Daykin -- Jefferson County
If Daykin has a claim to fame, it is its windmills. A large wooden tower with a 15-foot diameter wooden wheel was built by the Kansas City & Omaha Railroad before Daykin was a town. Soon thereafter, a large wooden tank was built to provide water for steam locomotives and the stockyards. As the village became settled, nearly every family had a windmill for their own use, and we became known as the "Town of Windmills." In the 1930s Daykin was featured in "Ripley's Believe It or Not," as having more windmills per capita than any other town in Nebraska.
One windmill, complete with hand pump and watering tank, was for public use. This stood right in the middle of the street, on the eastern part of the business district. The drayman and visitors to town watered their horses at the tank. People without a windmill carried their water for cooking, bathing, clothes washing, and other household tasks from the town pump -- a bucketful at a time.
Daykin, with 210 residents of German and Czech descent, lies in the northwest corner of the county, right in the middle of fine farming country with rich, dark loam soil. Records show that before settlers had arrived, many cattle trailed over the site on their way to railroads shipping points along the Platte.
Daykin was named for John N. Daykin, a railroad man from Cleveland, Ohio, who purchased the land in 1869. The original town (about 61 acres) was platted on June 8, 1887. On the same day, the railroad received about nine acres for a right-of-way and station. A load of lumber was hauled in from Western to build the first business -- a bank -- which has been in continuous operation for over 100 years, surviving the crash of the 1930s.
The August 1887 edition of "The Fairbury Gazette" states, "...eighteen teams of horses moved dirt, a section house was built, a side track of 2,000 feet was completed, and the railroad is running." Daykin was booming as 250 people arrived to celebrate the day.
In October the "Gazette" reported: "We visited Daykin this week and were agreeably surprised at the appearance of the place. It is finely located and surrounded by good country, settled by prosperous farmers. Thirty carpenters are at work and every business will be represented by the close of the month."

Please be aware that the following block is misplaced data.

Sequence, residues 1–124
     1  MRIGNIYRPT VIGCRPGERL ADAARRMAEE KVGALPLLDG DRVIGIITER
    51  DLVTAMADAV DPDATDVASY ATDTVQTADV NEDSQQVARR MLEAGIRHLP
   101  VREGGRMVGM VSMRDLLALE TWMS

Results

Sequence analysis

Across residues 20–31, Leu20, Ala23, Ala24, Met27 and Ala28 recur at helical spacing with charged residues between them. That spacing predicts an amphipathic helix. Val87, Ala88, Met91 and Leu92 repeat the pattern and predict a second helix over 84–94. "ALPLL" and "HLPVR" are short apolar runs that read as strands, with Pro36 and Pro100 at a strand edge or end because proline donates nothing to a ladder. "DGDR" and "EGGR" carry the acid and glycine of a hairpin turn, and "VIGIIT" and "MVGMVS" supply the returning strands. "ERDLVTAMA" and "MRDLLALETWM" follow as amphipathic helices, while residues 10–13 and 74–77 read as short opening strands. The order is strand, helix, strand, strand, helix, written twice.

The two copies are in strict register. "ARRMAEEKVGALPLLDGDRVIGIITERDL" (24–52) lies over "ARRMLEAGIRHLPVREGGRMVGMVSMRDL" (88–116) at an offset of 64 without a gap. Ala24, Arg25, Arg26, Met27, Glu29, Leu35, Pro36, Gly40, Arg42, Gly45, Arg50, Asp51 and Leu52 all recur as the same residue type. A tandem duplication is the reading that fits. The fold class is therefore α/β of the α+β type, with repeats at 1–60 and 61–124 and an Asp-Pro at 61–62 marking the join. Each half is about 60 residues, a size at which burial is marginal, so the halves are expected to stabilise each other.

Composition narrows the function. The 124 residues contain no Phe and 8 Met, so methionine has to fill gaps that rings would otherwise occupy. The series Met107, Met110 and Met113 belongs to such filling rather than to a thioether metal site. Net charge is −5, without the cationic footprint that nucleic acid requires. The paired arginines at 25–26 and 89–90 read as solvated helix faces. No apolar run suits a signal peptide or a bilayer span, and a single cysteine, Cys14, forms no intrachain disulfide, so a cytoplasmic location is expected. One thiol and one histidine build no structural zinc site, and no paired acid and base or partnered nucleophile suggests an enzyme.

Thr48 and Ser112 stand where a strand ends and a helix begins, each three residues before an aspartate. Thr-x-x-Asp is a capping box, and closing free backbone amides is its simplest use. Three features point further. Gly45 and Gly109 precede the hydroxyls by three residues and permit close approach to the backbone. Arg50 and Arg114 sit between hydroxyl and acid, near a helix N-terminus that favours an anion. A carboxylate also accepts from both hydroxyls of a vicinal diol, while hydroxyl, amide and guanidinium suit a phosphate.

By August 1888 there were many homes, plus a German Lutheran, and a Methodist church. In 1988 both churches celebrated their centennials.
Starting in a conventional one-room school, Daykin's school district grew, becoming a 12-grade system in 1926. In 1935 a modern two-story brick building with gymnasium was erected. In 1967 the Daykin, Alexandria, and Tobias schools merged to form Meridian School District 303. A new school was built two miles west of Daykin on Highway 4. A library and community room are now housed in the former school. Plans are being formulated to renovate and refurbish the building to make it even more useful to the community.
Irrigation, which began in the early 1950s, was a God-send to farmers and merchants alike. Farming practices have changed unbelievably in 100 years, from a one-horse walking plow to the air-conditioned tractor with a 12-bottomed plow -- or the preferred "chisel." Visitors who attended the centennial on June 13-14, 1987, commented much like the "Gazette's" editor, George Cross, did 100 years earlier, "...the lush green crops of the farmland are a beautiful sight, and it is clearly visible that the town has prospered and is doing well."
Daykin's first census, taken in 1900, showed 189 residents. The highest population was in 1910 with 220. The population has remained much the same throughout the first 100 years, with 210 residents in 1987, Daykin's centennial year. Credit for this should be given to energetic, hard working farmers who cared about the town's survival, supporting local organizations, and the ambitious, sometimes shrewd, but always community-spirited businessmen. This is what makes Daykin the progressive little town it is today.
In 1949, a water tower was built. It replaced all but one windmill, which now stands on the lawn in front of the Daykin Community Building, telling the world "this is still Windmill Town." When we celebrated our 100th birthday, not only was the windmill our main symbol, the large birthday cake was topped with -- you guessed it -- a windmill!
By Florence Strothman Schweer, Box 31, Daykin, 68338.
ADDITIONAL MATERIAL: Daykin centennial book "A Century of Progress 1887-1987."